A common site this time of year is the blooming of the Rhododendrons and the Azaleas. Did you know that all Azaleas are actually Rhododendrons taxonomically, but that not all Rhododendrons are Azaleas? The botanical genus Rhododendron is in the Ericaceae family which includes blueberries, cranberries, and mountain laurels. The genus Rhododendron is made up of almost one thousand species of flowering shrubs and each species is separated into subgenera and subsections. Most of these woody plants on the market are native to Asia, or are hybrids of Asian species, however the popularity of native ones is growing.
Rhododendrons and azaleas are available in many shapes and sizes. Ranging from small groundcover-like shrubs to large shrubs that rival the size of some trees. The most important thing to consider when selecting and planting a rhododendron is the mature size and the environmental conditions of the site.
With very few exceptions, rhododendrons require well-drained soil that is high in organic content. Continually wet soils can cause root problems and weaken the plant. Soil that is high in organic content helps with drainage as well as soil aeration that helps root growth.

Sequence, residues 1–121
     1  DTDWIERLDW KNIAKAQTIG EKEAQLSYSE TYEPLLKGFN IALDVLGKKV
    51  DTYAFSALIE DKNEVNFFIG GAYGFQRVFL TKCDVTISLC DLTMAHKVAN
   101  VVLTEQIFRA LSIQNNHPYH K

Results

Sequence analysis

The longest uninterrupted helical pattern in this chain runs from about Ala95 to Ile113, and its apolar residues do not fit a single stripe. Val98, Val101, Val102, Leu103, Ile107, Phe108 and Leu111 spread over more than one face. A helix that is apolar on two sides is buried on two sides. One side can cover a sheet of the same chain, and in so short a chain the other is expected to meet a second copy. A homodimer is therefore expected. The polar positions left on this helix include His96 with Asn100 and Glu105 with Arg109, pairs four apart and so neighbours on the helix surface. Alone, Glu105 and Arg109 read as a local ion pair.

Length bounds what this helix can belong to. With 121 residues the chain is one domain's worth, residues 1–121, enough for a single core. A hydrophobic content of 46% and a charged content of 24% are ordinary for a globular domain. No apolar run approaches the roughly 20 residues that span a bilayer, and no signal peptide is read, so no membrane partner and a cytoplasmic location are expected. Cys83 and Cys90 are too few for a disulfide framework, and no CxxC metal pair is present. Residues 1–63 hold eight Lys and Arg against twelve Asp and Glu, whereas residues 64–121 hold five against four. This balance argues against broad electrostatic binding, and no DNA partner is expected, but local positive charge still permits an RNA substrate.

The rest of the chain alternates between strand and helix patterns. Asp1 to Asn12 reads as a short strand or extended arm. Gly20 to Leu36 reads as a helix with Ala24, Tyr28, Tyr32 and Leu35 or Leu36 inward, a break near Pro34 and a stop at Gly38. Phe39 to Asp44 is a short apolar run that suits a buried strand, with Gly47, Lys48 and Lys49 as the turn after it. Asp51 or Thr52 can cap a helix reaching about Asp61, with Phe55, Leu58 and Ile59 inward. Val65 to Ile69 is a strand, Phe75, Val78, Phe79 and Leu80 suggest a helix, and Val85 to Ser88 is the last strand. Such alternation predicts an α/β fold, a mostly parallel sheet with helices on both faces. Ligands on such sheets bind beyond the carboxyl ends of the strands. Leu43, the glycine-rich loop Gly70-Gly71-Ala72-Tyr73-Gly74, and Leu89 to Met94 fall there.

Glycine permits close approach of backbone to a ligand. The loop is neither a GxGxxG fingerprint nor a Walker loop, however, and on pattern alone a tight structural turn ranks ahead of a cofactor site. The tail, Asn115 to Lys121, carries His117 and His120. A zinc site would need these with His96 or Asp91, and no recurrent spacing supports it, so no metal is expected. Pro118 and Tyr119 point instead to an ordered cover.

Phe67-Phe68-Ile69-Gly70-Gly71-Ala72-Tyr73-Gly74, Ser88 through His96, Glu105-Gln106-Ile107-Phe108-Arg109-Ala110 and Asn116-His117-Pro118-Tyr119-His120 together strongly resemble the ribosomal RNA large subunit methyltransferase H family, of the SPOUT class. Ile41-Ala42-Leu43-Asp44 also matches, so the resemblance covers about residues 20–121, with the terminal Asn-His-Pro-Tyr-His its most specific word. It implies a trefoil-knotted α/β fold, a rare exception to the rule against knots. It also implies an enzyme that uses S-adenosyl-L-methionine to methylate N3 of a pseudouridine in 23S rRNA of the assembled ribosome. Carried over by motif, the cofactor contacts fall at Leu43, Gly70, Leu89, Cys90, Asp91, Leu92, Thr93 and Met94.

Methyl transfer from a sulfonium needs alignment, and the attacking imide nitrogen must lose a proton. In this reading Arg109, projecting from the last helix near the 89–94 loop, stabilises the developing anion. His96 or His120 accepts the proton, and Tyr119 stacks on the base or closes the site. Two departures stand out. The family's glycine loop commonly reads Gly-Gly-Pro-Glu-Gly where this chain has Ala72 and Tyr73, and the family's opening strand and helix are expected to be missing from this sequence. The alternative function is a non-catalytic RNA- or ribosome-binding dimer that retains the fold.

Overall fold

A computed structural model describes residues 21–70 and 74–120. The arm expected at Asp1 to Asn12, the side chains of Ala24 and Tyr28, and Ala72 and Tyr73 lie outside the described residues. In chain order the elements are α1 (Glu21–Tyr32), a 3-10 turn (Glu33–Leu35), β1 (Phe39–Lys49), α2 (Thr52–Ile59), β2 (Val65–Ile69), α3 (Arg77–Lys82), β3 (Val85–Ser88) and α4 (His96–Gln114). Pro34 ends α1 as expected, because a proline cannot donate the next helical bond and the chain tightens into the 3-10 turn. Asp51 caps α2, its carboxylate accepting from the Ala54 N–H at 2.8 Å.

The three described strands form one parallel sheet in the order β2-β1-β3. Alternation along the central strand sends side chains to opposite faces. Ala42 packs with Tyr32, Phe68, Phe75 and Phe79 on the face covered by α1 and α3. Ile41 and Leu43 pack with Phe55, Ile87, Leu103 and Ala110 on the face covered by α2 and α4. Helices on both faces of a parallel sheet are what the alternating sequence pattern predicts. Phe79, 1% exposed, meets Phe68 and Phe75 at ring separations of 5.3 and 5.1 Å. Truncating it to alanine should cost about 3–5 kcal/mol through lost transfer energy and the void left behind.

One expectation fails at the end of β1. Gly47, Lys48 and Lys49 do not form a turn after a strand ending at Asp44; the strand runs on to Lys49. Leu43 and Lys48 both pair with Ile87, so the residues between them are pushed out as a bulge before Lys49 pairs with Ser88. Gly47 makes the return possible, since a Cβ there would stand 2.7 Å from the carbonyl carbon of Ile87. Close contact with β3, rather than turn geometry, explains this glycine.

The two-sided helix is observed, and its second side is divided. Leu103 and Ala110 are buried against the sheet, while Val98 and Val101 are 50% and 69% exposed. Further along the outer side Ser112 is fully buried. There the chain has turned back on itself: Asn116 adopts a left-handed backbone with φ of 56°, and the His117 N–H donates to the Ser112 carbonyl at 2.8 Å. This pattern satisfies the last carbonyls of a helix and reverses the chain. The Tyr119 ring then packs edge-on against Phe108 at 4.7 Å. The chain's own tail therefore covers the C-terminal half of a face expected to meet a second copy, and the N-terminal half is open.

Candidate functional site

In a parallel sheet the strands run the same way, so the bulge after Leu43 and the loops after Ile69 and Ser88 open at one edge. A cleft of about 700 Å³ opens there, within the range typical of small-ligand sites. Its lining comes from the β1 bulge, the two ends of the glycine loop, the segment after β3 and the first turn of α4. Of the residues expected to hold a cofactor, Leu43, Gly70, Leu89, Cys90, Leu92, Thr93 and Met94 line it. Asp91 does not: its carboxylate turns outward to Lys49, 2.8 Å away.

Rhododendrons require acidic soil (soil with a pH between 4.5 and 6.0), but do not use aluminum sulfate to change the acidity of the soil as it is toxic to the root systems of rhododendrons. Instead use wettable sulfur or ferrous sulfate. Due to the acidic requirements, you should avoid planting them near concrete driveways, sidewalks, or patios because of the possibility of lime leaching out to these areas. Rhododendrons are also not tolerant of road salt because it changes the pH of the soil and can make the soil to alkaline.
They generally bloom on old wood, meaning the flower buds in spring were set during the previous summer. Since the blooms are set so early it is not advisable to prune a rhododendron until right after flowering, and the window of opportunity exists for about three weeks after flowering.
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